Everyone pays sales taxes, including non-drivers. Thus, sales taxes should be balanced between roads, transit, and non-automobile facilities like bike paths and sidewalks. Gas tax increases should go for roads. I agree that Prop M money is wasted on Metrolink, but cutting bus service is not an option (see Los Angeles County for what happens when you gut buses to fund rail, and you get a consent decree forcing you to run buses. Not good.)

larry gilbert

R. Chris.

If you check out the list of representatives on the OCTA board, or the citizens advisory board, you will not find my name included. That said, why are you asking me for my transportation suggestions? OCTA was aware of my objections before the final plan was drawn. If they truly wanted to have my input they could have called me beyond my one visit to their HQ where they tried to convince me to accept their plan as drafted rather than accepting any comments from me.

Get real. Will my recommendation response to you today cancel the vote of Nov 7th? The voters have received the facts, or spin as I would label it, and will let their feelings known at the ballot box.

After Measure M fails next week,and OCTA goes back to the drawing board, than perhaps I will offer some ideas on the blog.
Think about this. Part of the problem goes beyond the present Plan. The solution may entail removal and replacement of some of the Planners whose transit driven Agenda is out of touch with reality.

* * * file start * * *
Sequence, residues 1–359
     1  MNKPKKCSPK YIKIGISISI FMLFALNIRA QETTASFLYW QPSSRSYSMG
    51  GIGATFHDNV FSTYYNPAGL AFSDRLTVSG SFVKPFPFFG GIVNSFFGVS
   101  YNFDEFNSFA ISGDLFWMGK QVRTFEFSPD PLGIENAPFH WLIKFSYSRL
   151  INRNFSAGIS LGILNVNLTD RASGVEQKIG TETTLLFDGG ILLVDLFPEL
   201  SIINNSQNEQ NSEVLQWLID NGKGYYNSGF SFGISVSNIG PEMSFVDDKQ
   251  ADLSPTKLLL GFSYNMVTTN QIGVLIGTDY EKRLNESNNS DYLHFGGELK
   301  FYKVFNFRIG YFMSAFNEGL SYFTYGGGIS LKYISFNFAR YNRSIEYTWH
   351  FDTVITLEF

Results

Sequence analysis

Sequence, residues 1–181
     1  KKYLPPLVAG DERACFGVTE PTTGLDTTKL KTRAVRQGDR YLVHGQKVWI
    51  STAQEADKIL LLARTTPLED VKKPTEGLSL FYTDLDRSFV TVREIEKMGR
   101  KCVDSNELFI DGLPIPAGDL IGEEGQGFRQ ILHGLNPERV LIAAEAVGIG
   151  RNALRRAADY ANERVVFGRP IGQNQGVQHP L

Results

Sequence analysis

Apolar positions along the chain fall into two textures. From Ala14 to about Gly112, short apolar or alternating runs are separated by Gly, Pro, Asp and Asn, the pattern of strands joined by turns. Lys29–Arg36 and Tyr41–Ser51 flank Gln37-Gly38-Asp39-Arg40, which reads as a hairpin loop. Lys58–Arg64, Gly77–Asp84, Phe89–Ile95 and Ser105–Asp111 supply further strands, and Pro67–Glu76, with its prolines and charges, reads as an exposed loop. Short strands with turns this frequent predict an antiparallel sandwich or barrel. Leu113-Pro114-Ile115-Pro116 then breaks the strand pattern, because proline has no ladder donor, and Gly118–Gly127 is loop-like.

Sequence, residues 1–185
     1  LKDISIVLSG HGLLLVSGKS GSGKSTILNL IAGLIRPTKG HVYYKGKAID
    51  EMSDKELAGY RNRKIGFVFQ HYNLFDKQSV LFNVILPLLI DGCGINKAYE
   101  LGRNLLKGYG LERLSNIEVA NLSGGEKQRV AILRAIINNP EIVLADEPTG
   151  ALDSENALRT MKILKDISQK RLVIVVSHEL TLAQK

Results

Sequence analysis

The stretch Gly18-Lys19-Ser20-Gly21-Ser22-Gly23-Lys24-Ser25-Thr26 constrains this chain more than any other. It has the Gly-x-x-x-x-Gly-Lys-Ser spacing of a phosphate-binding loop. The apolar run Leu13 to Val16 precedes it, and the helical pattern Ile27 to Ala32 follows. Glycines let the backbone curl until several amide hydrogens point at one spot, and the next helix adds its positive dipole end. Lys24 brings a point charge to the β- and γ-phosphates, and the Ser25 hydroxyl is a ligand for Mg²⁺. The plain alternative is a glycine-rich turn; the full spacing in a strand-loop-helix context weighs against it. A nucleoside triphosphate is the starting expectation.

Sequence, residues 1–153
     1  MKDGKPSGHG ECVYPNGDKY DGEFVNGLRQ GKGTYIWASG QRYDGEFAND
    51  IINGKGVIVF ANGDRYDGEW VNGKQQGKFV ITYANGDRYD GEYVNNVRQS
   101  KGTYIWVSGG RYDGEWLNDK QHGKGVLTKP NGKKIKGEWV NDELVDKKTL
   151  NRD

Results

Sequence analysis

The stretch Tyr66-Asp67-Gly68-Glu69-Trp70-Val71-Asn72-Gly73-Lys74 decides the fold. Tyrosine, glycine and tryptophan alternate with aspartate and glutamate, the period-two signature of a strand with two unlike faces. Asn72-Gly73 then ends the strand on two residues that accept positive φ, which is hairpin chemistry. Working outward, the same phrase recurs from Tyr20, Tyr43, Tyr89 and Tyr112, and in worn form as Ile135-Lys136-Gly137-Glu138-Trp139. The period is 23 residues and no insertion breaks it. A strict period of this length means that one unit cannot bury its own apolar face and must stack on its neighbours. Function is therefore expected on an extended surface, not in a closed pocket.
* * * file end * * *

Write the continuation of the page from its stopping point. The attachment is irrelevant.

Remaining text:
Larry, or as I have suggested before we need a transit agency funded by fares, and a roads agency funded by fuel taxes. That would solve the whole problem, the only mass transit that could be built would be self supporting by it's users.

There are lots of schemes that have not worked, but clinging to stuff that has failed hoping if you shove enough money at it you will somehow succeed is ridiculous.

Mass transit in our suburban area can only survive with huge subsidies. They charge you a few dollars to ride the Metrolink (I think, I haven't ever been on one) but the cost to run it is much more than you pay.

Naturally the riders like Calwatch like that. If they had to pay the full cost of their chosen method of transportation they might rethink their support.


Except this leads into a never ending circle. How do you pay for the freeways and roads already built for sales tax? etc. I am not a fan of Metrolink, as noted before, their fares are too high and they do too little per dollar to reduce congestion and air pollution. Having said that, it would be interesting to see an all roads measure for the June 2008 go around of Measure M. That one will most likely fail as well, but at least the DHS crowd and folks like Screech can't complain that an all roads measure failed. (The reason it would fail is the two-thirds requirement, and an all-roads Measure M would result in opposition from environmentalists, liberals, transit riders, people who depend on bus riders, etc. which make up more than one third of the OC electorate.)